In the 10 years since I moved here, the Diocese of South Carolina has moved increasingly away from the Episcopal Church I have known and loved over the years. I remember in particular a one-on-one conversation with a former Bishop of South Carolina, in which he responded to my observation that the church had always been a big tent with room for diverse opinions by stating flatly: “There is no middle any more!”

Who, I wonder, removed the middle?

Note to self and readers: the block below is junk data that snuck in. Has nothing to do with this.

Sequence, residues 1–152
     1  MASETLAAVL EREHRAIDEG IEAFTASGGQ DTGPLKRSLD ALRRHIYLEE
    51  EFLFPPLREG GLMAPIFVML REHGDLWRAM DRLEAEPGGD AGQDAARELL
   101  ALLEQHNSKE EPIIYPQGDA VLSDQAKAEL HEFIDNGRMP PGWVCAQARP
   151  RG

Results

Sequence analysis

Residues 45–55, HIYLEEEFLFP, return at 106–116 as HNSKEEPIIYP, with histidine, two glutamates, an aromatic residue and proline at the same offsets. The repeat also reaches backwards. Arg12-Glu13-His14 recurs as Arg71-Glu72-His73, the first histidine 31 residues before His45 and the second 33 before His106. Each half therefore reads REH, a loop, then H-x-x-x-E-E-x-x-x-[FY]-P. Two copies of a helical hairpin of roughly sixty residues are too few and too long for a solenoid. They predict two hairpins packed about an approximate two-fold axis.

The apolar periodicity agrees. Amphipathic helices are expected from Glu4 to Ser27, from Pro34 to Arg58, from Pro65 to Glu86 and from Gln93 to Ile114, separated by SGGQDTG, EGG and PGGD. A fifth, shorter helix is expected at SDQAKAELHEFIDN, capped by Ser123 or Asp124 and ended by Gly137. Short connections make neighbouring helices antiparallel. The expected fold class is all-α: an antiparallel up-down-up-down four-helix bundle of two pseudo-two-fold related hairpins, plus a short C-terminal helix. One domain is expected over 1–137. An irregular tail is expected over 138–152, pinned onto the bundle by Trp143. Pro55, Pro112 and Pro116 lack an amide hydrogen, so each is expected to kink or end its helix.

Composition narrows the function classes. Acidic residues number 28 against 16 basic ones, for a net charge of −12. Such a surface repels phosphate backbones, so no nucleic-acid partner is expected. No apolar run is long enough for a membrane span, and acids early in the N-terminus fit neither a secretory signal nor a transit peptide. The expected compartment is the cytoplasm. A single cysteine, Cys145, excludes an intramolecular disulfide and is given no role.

Over the last 30 years a succession of conservative bishops have moved the Diocese away from the middle into what has become a confrontational relationship with the national church. The clergy have been selected from the most conservative seminaries, and the leadership, both lay and clerical, has come to be dominated by conservatives. Peripheral issues such as the status of homosexuals, have dominated conversation, leading to accusations that the national church is acting contrary to scripture, and prompting the Diocese to systematically distance itself from The Episcopal Church (TEC). As a lawyer, I was astonished when the Diocese announced that it would observe the constitution of the church but not follow any canons (i.e., laws) that were inconsistent with the Diocesan canons, even though each of the national canons was duly enacted by the delegates elected to TEC’s triennial conventions. That’s the same as a state saying that it will respect the Constitution of the United States but decide for itself which laws enacted by Congress it will obey. Shades of 1861.